JOINT BASE LANGLEY-EUSTIS, Va. –
Bailey Creek is a hidden gem located northwest of Joint Base Langley-Eustis, Virginia. The tidal creek and marsh areas stretch approximately one and a half miles from the upper end to where it empties into Skiffe’s Creek and then the James River. But Bailey Creek was not always the beautiful area it is today.
In the 1990s, polychlorinated biphenyls, or PCBs, were detected throughout the middle to upper reaches of Bailey Creek with elevated concentrations of PCBs detected in fish and sediment. Although no specific sources of PCBs contamination in Bailey Creek were documented, impacts to sediments are consistent with historical releases of PCBs into the stormwater system from Outfall 18 near the enlisted barracks on JBLE-Eustis.
Before the 1979 PCBs production ban, PCBs were commonly used in many products. Examples of some of these products include oil in transformers, capacitors, and other electrical equipment, oil in motors and hydraulic systems, fluorescent light ballasts, and thermal insulation material.
To address the Bailey Creek PCBs contamination, the restoration was managed under the Comprehensive Environmental Response, Compensation, and Liability Act, or CERCLA. JBLE-Eustis and the United States Environmental Protection Agency (USEPA), with concurrence from Virginia Department of Environmental Quality (VDEQ), developed a remedy for the site remediation and a Record of Decision (ROD) was signed in August 2011. The ROD was further modified to develop the final remedy of a combination of sediment excavation with PCBs greater than one milligram per kilogram, and capping with geotextile fabric, stone and riprap in target areas and Land Use Controls (LUC). The remedial action was initiated in January 2020. This resulted in the removal and disposal of 296.33 tons of PCB-contaminated sediment and clay.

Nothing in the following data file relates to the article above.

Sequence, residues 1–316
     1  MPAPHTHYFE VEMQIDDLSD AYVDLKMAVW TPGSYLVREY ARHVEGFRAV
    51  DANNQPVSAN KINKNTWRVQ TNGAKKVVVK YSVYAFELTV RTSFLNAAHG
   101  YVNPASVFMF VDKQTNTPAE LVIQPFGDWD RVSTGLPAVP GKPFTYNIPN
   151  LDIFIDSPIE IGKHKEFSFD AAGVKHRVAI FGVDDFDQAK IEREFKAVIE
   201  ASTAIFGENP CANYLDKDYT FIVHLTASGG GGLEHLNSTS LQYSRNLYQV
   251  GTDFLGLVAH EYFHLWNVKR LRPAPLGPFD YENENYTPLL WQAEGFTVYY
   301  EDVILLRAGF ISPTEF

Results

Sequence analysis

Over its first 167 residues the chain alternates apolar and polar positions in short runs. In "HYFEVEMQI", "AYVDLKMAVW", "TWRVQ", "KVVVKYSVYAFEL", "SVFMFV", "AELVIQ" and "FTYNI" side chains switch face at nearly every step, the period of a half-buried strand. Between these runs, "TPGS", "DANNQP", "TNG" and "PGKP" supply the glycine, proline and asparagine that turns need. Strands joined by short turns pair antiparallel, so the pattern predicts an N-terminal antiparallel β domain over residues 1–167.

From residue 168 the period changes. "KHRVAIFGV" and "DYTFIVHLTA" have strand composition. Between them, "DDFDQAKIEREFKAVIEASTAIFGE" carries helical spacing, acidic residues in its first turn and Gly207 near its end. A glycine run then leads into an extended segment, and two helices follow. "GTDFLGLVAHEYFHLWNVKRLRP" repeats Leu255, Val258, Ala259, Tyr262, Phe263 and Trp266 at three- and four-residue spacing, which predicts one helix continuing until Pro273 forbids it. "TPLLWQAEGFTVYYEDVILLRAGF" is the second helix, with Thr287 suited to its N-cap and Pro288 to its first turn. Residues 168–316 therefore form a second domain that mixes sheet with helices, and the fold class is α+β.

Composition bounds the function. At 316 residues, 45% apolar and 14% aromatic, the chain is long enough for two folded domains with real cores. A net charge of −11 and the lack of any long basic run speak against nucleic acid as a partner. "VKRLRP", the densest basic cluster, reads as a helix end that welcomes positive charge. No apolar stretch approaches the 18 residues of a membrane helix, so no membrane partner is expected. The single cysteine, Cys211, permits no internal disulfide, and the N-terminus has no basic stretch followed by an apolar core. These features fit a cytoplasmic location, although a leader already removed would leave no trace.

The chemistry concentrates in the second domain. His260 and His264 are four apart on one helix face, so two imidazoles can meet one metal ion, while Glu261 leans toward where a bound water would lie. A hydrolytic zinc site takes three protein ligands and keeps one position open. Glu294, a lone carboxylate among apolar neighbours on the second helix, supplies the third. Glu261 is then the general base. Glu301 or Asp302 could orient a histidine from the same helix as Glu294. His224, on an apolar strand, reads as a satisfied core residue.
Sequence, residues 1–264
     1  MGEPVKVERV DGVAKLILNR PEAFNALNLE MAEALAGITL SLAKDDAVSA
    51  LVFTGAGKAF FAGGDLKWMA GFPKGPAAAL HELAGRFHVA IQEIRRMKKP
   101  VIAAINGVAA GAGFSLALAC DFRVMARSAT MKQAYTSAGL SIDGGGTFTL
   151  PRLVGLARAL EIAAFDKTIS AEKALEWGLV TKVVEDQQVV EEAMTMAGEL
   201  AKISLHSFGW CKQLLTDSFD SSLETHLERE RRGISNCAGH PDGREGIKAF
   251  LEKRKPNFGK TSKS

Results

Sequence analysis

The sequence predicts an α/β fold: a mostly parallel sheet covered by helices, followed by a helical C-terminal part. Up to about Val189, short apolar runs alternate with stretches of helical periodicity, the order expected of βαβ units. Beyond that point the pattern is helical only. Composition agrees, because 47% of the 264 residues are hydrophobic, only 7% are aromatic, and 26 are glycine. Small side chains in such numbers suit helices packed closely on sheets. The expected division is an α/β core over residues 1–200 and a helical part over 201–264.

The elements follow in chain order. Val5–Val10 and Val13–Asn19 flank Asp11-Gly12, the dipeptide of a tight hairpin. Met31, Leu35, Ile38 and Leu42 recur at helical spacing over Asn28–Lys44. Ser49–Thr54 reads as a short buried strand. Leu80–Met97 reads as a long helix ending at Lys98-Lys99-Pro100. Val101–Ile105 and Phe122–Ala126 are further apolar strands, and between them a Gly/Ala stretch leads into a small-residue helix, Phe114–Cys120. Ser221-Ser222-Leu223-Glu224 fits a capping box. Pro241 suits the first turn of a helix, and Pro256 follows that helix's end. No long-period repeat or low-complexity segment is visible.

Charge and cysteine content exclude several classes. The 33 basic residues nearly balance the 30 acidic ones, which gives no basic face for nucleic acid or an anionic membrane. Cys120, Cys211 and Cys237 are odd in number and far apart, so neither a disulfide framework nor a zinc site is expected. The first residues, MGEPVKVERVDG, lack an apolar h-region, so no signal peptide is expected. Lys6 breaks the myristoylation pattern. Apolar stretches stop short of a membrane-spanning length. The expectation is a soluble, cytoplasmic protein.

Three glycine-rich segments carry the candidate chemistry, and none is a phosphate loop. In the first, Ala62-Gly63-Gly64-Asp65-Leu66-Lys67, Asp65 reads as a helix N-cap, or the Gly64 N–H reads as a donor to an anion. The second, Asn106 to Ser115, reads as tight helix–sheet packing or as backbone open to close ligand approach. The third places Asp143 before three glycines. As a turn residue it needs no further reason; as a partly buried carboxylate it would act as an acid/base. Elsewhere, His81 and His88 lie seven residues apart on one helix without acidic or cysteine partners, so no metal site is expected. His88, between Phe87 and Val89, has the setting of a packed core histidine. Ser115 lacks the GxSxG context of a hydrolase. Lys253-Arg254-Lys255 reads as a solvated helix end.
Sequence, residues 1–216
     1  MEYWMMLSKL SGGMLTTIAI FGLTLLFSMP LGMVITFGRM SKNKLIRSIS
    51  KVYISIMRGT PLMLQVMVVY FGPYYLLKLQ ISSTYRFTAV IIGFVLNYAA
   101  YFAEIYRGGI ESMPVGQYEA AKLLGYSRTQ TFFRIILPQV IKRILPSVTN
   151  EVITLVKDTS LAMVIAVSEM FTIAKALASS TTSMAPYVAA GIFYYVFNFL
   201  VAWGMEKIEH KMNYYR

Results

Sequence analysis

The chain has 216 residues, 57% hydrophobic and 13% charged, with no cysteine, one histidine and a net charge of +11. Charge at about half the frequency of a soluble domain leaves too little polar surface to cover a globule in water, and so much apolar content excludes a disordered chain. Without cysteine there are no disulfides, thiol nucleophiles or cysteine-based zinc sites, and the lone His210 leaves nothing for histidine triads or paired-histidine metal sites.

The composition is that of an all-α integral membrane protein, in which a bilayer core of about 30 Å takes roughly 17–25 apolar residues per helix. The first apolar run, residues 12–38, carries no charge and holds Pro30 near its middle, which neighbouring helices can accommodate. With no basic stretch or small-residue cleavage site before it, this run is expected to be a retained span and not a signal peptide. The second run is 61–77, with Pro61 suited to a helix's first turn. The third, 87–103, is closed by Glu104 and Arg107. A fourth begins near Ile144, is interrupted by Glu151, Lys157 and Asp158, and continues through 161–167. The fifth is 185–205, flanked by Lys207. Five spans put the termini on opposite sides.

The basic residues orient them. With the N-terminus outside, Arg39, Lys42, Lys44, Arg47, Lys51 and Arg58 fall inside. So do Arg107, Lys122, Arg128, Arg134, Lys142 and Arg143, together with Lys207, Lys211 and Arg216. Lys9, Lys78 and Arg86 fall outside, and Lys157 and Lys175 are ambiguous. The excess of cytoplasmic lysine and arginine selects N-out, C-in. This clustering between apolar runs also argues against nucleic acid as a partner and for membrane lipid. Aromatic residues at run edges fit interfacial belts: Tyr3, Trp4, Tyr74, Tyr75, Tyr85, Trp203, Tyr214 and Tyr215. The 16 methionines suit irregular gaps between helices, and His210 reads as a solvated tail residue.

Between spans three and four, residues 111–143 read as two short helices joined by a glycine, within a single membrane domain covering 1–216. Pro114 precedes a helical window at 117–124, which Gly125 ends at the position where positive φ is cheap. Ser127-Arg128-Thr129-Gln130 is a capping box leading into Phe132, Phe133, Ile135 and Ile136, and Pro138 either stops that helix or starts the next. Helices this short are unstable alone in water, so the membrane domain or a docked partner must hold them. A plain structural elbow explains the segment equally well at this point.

In January 2022, Bailey Creek reached response complete (RC). RC is determined when all remedial actions and goals are achieved according to the record of decisions developed by JBLE-Eustis, the USEPA, and with concurrence from VDEQ. As a long-term monitoring (LTM) site regulated under CERCLA, any residual PCBs that are at LUC’s low levels are monitored until a risk assessment indicates acceptable risk based on unlimited use/unrestricted exposure or consumption. LUC include no wading or swimming.
As another one of the LUC, recreational fishing in Bailey Creek is only authorized from the footbridge at the mouth of Bailey Creek. Fishing at JBLE-Eustis requires registration through the iSportsman platform in accordance with JBLEI 32-102. To register, go to the iSportsman Portal, https://jble.isportsman.net/. Two new catch and release fishing boundary markers are located 150 feet up-gradient of the footbridge in the water. If you want to fish or have a quiet spot to see the sunrise or sunset from the northwest side of the installation, check out Bailey Creek at JBLE-Eustis.